We wrote to the Rebbe, asking for a bracha and guidance for our shlichus, but opened to an answer which said mazal tov on the birth of a son.  The answer was surprising since the last birth my wife had was a C-section and the doctors, supported by a p’sak of Chief Rabbi Mordechai Eliyahu, insisted that my wife could not give birth again.  
Nevertheless, whenever we wrote to the Rebbe, no matter the subject, the Rebbe said mazal tov on the birth of a son.  When we felt the Rebbe was trying to tell us something, we spoke to our mashpia, R’ Notik, who said we should consult with R’ Eliyahu.
We arranged an appointment and told him our situation, what he had paskened, and what the Rebbe wrote time after time.  R’ Eliyahu asked whether these answers were from before or after Gimmel Tammuz.  I was nervous about his reaction but was pleasantly surprised when we said they were in the Igros Kodesh.  He took this seriously and then told us to consult with two top doctors.  As soon as we left the room, we rushed to meet with those doctors who examined the medical file and ended up giving their consent.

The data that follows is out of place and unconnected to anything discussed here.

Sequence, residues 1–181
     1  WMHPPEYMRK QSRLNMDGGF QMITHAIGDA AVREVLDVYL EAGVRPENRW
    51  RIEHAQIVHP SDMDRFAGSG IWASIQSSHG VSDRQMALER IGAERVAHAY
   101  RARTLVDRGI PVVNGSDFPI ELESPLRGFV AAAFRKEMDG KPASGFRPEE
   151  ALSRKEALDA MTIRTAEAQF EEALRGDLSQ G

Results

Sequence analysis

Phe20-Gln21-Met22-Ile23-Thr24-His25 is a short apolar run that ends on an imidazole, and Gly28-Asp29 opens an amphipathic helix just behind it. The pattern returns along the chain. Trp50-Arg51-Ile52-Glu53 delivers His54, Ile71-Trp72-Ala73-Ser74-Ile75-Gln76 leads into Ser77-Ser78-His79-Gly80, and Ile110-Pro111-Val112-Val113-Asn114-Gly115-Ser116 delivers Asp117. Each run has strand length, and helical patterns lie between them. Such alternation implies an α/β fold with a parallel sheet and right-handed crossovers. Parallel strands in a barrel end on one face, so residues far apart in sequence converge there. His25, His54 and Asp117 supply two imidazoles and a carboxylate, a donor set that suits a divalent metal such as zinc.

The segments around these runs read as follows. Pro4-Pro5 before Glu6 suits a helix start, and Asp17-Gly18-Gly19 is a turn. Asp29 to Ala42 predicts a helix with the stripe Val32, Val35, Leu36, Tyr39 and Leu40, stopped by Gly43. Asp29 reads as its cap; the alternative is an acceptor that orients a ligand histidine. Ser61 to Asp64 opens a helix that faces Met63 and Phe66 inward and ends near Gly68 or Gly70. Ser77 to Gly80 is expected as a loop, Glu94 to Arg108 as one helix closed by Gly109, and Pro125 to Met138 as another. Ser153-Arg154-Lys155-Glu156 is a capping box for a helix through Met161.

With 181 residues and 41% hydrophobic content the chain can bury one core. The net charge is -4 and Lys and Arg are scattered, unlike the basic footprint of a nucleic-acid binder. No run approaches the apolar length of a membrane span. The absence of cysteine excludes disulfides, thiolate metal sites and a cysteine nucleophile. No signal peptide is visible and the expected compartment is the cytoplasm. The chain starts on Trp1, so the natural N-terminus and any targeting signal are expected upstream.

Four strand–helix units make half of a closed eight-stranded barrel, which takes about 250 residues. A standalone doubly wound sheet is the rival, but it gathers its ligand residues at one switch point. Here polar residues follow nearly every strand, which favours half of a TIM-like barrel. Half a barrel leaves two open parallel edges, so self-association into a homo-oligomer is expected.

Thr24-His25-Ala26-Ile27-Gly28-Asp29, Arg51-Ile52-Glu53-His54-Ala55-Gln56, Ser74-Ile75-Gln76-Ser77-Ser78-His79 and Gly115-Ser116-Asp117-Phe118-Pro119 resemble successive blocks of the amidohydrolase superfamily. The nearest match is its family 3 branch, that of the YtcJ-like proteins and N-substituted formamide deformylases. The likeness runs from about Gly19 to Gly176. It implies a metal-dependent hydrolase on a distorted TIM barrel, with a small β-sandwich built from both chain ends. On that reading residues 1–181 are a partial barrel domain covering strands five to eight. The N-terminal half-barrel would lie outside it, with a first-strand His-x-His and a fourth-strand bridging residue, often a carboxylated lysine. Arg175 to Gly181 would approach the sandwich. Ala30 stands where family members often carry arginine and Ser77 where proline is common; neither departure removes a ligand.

Some time passed, months with no good news on the horizon, but R’ Notik encouraged us that the Rebbe’s brachos are eternal.  One night I dreamed of the Rebbe.  It was the first time I dreamed of the Rebbe.  I was standing in a crowd and the Rebbe was passing by.  I turned to the Rebbe and asked for a bracha for a child.  The Rebbe smiled broadly, put his hand on my shoulder and brought me up to the stage and had me sit near the elder Chassidim.
I woke up excited and in the grip of a storm of emotions I woke my wife and said, “We will have a son!” Indeed it happened.  Nine months later our son was born, Yisroel Zushe Levi.

Article originally appeared on Beis Moshiach Magazine (